NAIROBI, April 15, 2014 (CISA) -Christian Leaders of mainstream Churches in Kenya on Monday, March 14 urged the government to carry out the current crackdown on illegal immigrants in a humane way.
“Although we acknowledge the determination on the part of government in the fight against terrorism, we call upon the security agencies to handle the ongoing operation in a humane manner; the dignity of life should at all times remain a priority,” the leaders said in a joint statement after meeting at the All Saints Cathedral-Nairobi.
The leaders drawn from several Christian denominations including; The Catholic Church, Anglican Church of Kenya, Methodist Church in Kenya, and Presbyterian Church of East Africa, further said that the current operation must not be seen as targeting any religion, tribe or nationality but aimed at fighting terrorism and other forms of crime.
The recurring terror attacks in the country were also condemned by the leaders who said they were “perplexed and dismayed” by the rising insecurity and terrorist attacks targeted at innocent Kenyans and Christians in their places of worship and further called on the president and relevant government agencies to ensure “a safe country for us and future generations.”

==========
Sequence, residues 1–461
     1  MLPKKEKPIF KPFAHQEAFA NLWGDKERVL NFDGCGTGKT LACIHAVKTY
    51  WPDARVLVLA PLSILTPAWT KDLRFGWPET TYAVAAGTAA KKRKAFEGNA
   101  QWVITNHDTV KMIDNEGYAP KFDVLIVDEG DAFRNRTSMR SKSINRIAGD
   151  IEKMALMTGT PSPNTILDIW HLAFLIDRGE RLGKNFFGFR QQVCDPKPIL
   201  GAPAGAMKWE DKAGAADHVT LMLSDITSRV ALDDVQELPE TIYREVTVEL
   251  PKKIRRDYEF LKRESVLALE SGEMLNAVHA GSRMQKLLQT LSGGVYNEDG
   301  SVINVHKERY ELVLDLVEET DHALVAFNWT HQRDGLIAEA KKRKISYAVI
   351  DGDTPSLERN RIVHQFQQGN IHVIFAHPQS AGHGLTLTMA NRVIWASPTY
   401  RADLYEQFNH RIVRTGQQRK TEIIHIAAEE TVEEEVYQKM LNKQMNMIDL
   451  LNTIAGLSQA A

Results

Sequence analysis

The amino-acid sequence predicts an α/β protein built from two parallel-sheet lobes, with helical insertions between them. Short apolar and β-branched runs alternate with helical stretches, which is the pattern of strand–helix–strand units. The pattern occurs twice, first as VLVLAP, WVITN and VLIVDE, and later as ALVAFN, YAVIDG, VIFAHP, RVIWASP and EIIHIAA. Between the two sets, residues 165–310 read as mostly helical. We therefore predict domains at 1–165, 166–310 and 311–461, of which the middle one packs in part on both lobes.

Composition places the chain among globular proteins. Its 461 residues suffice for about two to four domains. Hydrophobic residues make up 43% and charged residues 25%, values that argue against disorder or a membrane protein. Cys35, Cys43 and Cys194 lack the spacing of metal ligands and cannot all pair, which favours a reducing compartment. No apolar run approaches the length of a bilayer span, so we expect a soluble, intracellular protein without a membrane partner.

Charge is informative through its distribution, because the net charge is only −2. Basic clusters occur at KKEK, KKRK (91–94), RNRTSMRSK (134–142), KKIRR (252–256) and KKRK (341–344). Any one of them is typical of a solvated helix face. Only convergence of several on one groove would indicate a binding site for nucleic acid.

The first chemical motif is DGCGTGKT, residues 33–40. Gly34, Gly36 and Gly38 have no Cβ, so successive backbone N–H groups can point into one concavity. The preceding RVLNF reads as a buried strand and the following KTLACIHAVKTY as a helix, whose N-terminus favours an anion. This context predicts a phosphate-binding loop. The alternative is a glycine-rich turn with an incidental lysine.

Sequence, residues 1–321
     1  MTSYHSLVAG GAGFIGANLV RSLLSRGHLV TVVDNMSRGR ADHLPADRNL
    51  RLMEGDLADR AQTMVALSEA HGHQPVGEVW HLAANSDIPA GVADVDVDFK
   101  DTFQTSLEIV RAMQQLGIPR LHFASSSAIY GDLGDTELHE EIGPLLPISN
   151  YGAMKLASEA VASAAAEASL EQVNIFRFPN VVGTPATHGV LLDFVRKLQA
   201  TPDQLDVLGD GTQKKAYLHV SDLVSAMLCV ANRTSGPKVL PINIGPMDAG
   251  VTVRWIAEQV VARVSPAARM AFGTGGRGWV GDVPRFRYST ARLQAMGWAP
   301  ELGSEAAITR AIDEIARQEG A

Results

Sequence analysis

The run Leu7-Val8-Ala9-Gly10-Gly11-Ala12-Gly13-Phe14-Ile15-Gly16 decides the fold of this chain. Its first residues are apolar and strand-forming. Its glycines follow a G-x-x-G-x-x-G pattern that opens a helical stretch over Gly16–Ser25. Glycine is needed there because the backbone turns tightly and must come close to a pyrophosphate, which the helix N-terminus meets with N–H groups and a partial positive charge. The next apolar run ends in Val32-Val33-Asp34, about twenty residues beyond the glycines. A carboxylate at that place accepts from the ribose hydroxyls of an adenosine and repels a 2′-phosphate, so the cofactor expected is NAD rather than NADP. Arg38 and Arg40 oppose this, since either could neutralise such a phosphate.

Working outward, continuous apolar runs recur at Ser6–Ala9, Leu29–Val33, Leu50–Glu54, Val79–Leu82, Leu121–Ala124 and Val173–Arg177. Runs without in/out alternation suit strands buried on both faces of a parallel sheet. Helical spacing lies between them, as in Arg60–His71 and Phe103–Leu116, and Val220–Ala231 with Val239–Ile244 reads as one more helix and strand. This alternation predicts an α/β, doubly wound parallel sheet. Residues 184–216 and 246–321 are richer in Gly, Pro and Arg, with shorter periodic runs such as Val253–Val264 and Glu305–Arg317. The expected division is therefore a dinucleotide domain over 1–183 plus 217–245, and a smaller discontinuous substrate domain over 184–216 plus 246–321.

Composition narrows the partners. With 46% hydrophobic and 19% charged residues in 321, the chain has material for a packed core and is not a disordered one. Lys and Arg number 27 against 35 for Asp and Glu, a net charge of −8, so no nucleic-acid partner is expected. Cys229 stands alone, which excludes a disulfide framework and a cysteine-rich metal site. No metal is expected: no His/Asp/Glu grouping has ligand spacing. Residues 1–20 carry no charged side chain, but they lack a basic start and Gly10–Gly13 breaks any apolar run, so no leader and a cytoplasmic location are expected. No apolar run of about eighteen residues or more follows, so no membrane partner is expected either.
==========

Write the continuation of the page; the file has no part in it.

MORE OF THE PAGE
In the statement the Church leaders also called on Kenyans to play their role on matters security. “We urge you fellow Kenyans to be vigilant and cooperate with law enforcement agencies,” read the statement in part. “We cannot stand aside as so many lives continue to be lost. We further appeal to all leaders to refrain from utterances that may divide people along religious, political, or ethnic lines.”
According to the leaders the on-going security swoop should be expanded to include other “facets of insecurity” such as armed robbery, cattle rustling, extermination of wildlife, rape, kidnappings and petty crimes.
Other than insecurity the leaders also addressed other issues affecting the nation including the menace of alcohol, drug abuse and high levels of violence amongst other vices in learning institutions and called for an increased role of faith-based organizations in the management of these institutions.
On matters of corruption, the government was urged to address the link between corruption, illegal guns and immigrants which the Church leaders said was “the direct link” between rising poverty levels, unemployment and increase in crime and further called for “a united front against corruption in the central and county government.”
In an Easter message to Kenyans, the church leaders said: “Finally, our dear Christians and all Kenyans, as we begin the Holy week and the Easter period, we urge you to continue praying for a peaceful prosperous country and unity for a better tomorrow.”